In Feedback: Television Against Democracy, the art historian David Joselit explores the idea that all commodities, including works of art, are figured as commodities against the ground of networks, including media networks such as television and the Internet. In relation to works of art, that would be to say that the ground against which works of art are to be evaluated as units in a broader economy is no longer just the physical space of the art institution; e.g., the white cube art museum; but, instead the networks of interrelated flow through which both actual commodities and the capital surrounding those commodities now exist and disperse. For Joselit, art can no longer be thought of as a static object which one gazes upon, but instead as a “transjective” object, continuously networking between multiple fields of objects and subjects, which one follows. He brings up the fact that Wall Street quants have conceived of incomprehensibly complicated models for dematerializing and dispersing bundles of capital and, as such, it is incumbent upon anyone interested in the relationship between a work of art and the broader economy to appreciate the fact that works of art—as commodities–are also dematerialized and dispersed.
When viewed against this networked ground, Joselit discusses artworks which create viral paths, leaving trails of “feedback” between themselves and this networked ground. This feedback functions as noise, disrupting its own flow as a commodity and illuminating the ground upon which it circulates.
In what follows, I’ll discuss the television series Mad Men, suggesting that, on the one hand, the actual episodes of the series create a disruptive feedback loop between themselves and the television network; but, on the other hand, that the series’ branded image avatar, which is perhaps more widely culturally dispersed than the actual episodes of the show, lacks this disruptive feedback loop between itself and the Internet network.
Mad Men’s protagonist Don Draper is known to be ruthlessly effective at selling things to people. Time after time, the campaigns he engineers for a host of invariably silly products are able to exploit an emotion or a desire lurking beyond the product’s practical usage. And while these products may themselves be silly, the desires Draper creates around their advertising are often complex and psychologically astute. For example, an automated slide photo projector developed by Kodak is not the “Wheel”—Kodak’s name for the device— but rather—in Draper’s pitch—the “Carousel”; that is, it’s not an efficient way to display a loop of slide photographs, but a way to go around and around “and back home again” to something fondly remembered from the past.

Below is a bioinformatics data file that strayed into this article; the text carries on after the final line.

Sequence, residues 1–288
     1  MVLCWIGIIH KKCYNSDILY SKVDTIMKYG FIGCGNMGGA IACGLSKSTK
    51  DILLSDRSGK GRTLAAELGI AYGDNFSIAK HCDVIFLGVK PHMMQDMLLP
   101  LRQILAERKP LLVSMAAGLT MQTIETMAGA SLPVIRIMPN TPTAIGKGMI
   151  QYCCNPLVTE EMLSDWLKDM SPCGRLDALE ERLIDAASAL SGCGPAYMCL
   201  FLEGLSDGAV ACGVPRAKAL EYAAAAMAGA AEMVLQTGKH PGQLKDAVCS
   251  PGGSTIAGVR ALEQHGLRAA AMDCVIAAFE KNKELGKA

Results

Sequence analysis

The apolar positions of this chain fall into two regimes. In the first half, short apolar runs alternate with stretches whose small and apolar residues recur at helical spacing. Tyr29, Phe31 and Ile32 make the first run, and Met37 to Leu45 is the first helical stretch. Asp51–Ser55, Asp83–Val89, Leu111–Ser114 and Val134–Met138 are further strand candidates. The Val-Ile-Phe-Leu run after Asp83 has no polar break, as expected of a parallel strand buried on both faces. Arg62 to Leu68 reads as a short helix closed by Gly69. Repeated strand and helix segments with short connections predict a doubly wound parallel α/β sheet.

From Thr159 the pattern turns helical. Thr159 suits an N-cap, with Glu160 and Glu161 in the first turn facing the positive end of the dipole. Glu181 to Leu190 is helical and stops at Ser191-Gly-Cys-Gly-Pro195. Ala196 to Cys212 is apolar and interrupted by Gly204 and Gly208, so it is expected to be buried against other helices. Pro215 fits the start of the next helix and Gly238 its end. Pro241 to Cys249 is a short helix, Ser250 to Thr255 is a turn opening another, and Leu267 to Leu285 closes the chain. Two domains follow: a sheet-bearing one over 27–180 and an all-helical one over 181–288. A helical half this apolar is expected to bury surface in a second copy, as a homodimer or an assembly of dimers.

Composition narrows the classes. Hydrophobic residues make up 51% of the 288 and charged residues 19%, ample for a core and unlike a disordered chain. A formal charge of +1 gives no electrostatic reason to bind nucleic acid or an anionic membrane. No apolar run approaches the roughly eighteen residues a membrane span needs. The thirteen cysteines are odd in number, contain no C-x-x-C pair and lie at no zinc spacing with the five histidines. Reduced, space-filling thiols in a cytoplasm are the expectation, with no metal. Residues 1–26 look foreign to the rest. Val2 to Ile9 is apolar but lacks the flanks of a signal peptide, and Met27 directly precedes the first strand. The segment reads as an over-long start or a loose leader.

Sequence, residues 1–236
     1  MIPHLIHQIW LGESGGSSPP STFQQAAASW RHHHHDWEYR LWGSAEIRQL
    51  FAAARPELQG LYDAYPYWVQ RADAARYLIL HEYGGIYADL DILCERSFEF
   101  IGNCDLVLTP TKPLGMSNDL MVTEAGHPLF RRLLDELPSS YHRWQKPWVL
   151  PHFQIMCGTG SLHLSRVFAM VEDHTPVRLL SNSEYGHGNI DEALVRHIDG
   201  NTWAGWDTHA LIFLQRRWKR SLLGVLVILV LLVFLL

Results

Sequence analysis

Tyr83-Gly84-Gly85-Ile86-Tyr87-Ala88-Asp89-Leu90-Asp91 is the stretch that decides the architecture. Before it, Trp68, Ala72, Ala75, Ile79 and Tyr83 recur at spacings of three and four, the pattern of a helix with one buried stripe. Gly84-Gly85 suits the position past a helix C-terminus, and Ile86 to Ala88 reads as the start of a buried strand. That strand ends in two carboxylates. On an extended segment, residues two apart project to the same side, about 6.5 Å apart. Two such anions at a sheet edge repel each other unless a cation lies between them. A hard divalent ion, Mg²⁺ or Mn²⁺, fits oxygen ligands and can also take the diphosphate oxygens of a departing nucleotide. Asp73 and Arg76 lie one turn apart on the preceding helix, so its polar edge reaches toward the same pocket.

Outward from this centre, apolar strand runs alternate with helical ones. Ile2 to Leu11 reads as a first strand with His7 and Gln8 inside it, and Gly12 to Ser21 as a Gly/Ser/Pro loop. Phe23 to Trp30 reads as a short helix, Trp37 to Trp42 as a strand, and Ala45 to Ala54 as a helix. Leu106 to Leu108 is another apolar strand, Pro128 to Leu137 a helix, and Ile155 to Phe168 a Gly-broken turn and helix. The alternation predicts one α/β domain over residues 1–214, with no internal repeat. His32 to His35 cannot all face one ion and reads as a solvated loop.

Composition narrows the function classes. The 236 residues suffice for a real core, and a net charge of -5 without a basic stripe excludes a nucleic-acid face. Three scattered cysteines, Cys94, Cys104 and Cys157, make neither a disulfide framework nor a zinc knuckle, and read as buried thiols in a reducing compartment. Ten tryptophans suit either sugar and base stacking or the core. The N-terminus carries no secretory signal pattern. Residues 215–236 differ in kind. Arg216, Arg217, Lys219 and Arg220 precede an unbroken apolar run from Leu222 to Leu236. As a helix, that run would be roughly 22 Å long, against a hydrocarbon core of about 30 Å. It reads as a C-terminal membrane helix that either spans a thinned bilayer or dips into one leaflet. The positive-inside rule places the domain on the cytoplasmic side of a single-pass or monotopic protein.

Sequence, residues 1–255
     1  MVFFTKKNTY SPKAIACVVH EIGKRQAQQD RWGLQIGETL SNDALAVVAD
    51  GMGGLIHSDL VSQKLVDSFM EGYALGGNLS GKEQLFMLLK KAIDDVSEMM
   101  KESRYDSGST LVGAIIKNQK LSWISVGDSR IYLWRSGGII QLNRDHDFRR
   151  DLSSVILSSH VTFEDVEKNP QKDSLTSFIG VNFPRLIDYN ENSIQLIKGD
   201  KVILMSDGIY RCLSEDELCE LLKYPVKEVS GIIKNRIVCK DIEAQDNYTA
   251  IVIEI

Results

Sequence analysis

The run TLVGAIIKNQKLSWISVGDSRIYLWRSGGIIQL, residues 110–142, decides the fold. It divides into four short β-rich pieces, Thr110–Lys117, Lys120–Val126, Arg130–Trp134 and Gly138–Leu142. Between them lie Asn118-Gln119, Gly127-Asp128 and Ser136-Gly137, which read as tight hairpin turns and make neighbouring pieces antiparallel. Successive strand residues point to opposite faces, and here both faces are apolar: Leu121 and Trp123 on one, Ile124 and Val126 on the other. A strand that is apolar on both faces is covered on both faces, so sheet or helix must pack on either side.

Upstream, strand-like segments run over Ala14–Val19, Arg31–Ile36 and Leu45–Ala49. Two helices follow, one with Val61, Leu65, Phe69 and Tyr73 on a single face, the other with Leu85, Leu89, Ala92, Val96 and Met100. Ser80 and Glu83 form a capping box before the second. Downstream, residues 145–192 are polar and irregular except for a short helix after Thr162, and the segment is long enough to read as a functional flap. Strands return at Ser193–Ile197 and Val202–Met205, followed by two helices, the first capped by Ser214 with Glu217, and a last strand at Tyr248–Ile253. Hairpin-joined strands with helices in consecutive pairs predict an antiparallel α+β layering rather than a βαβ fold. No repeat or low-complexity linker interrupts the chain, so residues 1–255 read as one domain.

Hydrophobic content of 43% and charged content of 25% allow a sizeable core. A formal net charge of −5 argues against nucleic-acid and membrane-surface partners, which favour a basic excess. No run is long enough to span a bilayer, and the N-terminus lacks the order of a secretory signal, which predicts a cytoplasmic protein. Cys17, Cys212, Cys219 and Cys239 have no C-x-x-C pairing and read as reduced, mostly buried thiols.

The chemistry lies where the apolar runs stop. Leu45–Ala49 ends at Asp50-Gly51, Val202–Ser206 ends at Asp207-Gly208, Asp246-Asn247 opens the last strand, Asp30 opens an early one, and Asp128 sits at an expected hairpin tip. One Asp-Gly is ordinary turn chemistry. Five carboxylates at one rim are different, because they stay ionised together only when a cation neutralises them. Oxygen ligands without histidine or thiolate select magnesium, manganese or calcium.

However, Draper knows that these desires which people seek to satisfy through products like the Carousel are not ever going to be satisfied; desire is endlessly deferred—always trying to re-capture something which one thinks used to be there, but never really was and certainly never will be again. This principal is, through one lens, how capitalism operates: it depends on the endless impossibility of satisfying desire to keep selling ways to satisfy desire. In the finale to the series’ third season and in the wake of the assassination of John F. Kennedy (“the day America lost its innocence”), Draper explains this to his protégé, Peggy Olson. Here’s the exchange of dialogue between the two:
Don – Do you know why I don’t want to go to McCann?
Peggy – Because you can’t work for anyone else.
Don – No. Because there are people out there—people who buy things—people like you and me—and something happened; something terrible. And the way that they saw themselves is gone. And nobody understands that. But you do. And that’s very valuable.
Peggy – Is it?
What he’s getting at is that there was a picture of what it meant to be a consumer in America, but the assassination of the President made even the pretense towards living that image even more absurd than it ever was. That absurdity, though, will not stop people from endlessly trying to be this image and this is what good advertising creatives understand. Olson’s “Is it?” at the end of this exchange, though, reveals the tension at the heart of these characters: their insight into the emptiness of consumer desire is “very valuable,” but it’s also their own tragedy. What Draper sees in Olson is the same emptiness he sees in himself. Indeed, “Don Draper” is not even the character’s real name. Through an accident in the Korean War, the actual Don Draper was killed and a fellow soldier named Dick Whitman took Draper’s dog tags and commenced pretending to be him. “Don Draper” is, thus, nothing—an outer sheen through which someone who used to be “Dick Whitman” haunts the world. This awareness of his own nothingness makes Draper/Whitman a great “Ad Man,” but makes it difficult for him to participate in the very rituals of capitalism he sells, including monogamous suburban love and the nuclear family. The same could be said for Peggy Olson. Her throughline is premised on the fact that she’s a lapsed Catholic who underwent an abortion in-between the first and second seasons of the series. This abortion (in extremely crude terms, an “emptying out”) traumatized Olson and, since then, she hasn’t been able to participate in the flow of sexuality and day-to-day, mindless chit-chat demanded by corporate-sanctioned urban existence. And, so, instead of living it, Draper and Olson sell it.